Brief Originator: Mandisa Mauring – Assigned Photographer: Dayana Marconi

Brief Title: Turin in Your Suitcase

Completion Date: Friday, November 4, 2016


“Turin in Your Suitcase” is a project aimed at attracting visitors to Turin using a visual narrative that highlights some of the city’s interesting tangible facts.

Assigned photographer/s will be expected to produce photos that ‘speak’ to the viewer using creative formats that are visually clear, authentic (not overly digitally enhanced) and compelling.  Interesting facts about Turin are listed as a guide not a rigid requirement to duplicate. The photographer is expected to conduct his or her own research prior to selecting a set of interesting facts to cover.

In keeping with Falmouth University’s suggestion:  assigned photographers should consider ways to reduce any economic costs in relation to the assignment. At the completion of the photo assignment, the photographer must provide a reflective blog post along with the assigned photographs on his or her CRJ blog site.

INTERESTING FACTS ABOUT TURIN: The Mole Antonelliana was once the highest brick building in the world, Turin created the world’s first sealable solid/hard chocolate, The Fiat car gained popularity thanks to Turin, Turin’s Egyptian Museum has the second most important collection of Egyptian antiquities outside Cairo, Turin is home to the grissini breadsticks, The famous Shroud of Turin.

Turin in Your Suitcase – Interesting facts about the City.


Turin’s Egyptian Museum has the second most important collection of Egyptian antiquities outside Cairo.


Turin is considered the Italian Capital of the Publishing Industry.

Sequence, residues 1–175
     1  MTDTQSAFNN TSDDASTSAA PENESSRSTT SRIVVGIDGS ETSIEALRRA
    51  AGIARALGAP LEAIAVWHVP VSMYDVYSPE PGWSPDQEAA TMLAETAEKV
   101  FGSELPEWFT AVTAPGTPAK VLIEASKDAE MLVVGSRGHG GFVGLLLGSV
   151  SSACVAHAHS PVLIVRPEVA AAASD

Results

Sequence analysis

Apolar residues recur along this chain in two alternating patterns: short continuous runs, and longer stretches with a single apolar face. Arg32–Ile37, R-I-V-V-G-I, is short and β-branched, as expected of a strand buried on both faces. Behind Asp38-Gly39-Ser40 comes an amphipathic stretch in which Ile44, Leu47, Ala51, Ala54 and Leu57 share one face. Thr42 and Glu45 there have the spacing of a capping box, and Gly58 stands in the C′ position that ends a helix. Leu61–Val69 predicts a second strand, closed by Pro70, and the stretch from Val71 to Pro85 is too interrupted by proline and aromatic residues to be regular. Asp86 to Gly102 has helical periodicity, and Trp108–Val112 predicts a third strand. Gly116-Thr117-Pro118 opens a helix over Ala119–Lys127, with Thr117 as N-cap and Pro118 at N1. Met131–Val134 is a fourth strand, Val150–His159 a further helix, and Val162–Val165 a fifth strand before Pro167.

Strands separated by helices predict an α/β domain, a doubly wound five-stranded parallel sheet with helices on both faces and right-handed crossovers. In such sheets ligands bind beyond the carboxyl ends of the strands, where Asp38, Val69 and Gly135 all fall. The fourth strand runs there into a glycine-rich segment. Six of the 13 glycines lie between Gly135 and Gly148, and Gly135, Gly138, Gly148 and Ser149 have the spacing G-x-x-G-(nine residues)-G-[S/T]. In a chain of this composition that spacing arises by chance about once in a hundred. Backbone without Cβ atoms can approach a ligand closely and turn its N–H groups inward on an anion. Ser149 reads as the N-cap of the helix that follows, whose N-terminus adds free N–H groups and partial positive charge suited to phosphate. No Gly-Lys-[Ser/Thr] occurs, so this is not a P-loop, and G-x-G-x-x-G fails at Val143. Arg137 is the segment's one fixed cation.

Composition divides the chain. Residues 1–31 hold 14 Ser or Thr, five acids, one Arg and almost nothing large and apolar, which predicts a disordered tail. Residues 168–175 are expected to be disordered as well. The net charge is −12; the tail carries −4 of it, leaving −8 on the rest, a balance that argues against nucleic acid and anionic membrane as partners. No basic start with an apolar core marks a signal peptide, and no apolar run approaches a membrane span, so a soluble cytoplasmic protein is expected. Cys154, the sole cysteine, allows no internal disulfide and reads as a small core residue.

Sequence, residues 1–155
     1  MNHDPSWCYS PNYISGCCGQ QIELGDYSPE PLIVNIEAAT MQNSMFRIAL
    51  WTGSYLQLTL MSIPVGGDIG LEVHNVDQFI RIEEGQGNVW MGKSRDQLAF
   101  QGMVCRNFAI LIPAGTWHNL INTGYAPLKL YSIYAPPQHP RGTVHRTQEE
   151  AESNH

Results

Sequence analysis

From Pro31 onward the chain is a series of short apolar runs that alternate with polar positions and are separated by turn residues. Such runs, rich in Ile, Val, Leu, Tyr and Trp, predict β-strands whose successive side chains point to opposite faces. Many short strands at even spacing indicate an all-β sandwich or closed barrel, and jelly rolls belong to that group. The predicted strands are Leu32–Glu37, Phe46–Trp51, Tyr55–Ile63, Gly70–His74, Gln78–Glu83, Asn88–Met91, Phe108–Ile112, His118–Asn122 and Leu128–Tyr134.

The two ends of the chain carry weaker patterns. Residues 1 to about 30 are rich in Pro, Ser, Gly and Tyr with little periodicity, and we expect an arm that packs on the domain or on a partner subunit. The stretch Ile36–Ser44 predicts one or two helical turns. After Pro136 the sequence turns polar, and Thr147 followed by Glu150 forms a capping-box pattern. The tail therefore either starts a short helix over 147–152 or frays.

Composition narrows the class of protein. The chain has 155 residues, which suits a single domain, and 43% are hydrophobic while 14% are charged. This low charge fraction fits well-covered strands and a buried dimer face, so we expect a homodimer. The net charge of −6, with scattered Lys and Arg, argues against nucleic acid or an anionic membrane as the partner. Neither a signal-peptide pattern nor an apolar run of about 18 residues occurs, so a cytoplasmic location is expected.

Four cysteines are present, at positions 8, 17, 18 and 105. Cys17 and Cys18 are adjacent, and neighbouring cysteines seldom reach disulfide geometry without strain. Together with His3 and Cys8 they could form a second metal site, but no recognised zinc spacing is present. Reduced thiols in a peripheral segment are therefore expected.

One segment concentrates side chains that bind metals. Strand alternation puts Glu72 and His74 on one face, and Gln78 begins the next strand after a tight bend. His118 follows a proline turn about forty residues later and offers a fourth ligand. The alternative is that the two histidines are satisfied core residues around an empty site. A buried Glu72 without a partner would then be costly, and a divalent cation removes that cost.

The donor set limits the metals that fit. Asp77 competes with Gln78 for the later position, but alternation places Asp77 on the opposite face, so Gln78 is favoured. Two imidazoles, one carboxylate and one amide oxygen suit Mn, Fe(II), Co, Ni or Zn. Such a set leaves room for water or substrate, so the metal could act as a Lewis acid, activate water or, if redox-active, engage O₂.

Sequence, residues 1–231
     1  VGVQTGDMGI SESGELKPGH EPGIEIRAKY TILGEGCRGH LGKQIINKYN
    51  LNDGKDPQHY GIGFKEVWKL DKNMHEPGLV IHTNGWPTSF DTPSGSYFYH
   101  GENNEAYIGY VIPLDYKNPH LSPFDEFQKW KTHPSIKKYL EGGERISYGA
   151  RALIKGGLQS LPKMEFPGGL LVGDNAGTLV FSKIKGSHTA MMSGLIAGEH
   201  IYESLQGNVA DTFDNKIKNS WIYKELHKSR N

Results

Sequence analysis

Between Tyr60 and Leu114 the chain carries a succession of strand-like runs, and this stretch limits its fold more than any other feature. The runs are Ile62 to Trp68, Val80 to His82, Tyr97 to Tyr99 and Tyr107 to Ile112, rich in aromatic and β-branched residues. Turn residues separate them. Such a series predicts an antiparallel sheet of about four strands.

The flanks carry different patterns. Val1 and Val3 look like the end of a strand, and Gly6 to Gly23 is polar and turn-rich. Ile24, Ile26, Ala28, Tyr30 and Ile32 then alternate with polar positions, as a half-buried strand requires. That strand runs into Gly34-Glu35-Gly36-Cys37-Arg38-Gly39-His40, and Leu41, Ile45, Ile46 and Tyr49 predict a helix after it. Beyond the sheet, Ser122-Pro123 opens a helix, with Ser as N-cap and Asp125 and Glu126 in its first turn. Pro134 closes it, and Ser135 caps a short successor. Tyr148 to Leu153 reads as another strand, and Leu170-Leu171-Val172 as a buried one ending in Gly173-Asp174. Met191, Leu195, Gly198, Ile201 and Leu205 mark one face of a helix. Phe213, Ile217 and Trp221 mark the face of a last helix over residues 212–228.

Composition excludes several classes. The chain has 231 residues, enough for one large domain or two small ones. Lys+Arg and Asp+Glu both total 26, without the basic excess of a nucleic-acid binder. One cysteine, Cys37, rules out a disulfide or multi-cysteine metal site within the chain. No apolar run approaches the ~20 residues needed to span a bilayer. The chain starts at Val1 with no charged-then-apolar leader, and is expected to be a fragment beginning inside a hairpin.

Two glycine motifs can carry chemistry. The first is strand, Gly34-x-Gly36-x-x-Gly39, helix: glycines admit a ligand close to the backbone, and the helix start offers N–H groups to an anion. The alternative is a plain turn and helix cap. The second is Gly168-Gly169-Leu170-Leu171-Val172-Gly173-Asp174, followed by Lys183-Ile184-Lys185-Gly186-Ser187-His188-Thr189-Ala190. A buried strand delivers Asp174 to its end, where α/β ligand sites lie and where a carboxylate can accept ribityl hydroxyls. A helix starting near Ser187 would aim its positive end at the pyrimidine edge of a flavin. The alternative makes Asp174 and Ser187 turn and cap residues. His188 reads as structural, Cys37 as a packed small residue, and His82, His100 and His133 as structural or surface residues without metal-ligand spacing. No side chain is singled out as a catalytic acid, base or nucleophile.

FIAT Automobiles Company, now FCA, is born in Turin in 1899.


What most people don’t know is that FIAT’s historical headquarter is now a Museum dedicated to the history of this important brand.


The Mole Antonelliana was once the highest brick building in the world, but this isn’t only an important monument: it hosts a panoramic lift, a restaurant, a café and, in its basement, the National Museum of Cinema.


Turing is considered one of the vertex of a White Magic triangle with Lyon and Prague. One of the most important places in the city, that mix Magic, Religion and Myth, is the statue in front of the Cathedral known as The Great Mother. This statue, that symbolizes the concept of  Faith, represents a woman covered with a veil who holds a cup observing a distant point. According to the legend, her eyes indicate the direction to find the Holy Grail.


At the same time, Turing is also considered one of the vertex of a Black Magic triangle with London and San Francisco. One of the most popular touristic attraction for passionates of Magic is The Doorway of the Devil. Its door-knocker represents the Devil who observes those visitors who want to enter into the building and, according to the legend, it was placed by the Devil itself to imprison a wizard; what it’s sure is that this building is historically connected with famous murders and disappearances.

© Dayana Marconi 2016. Copyright for this gallery photo belongs solely to Dayana Marconi. Images may not be downloaded without her permission.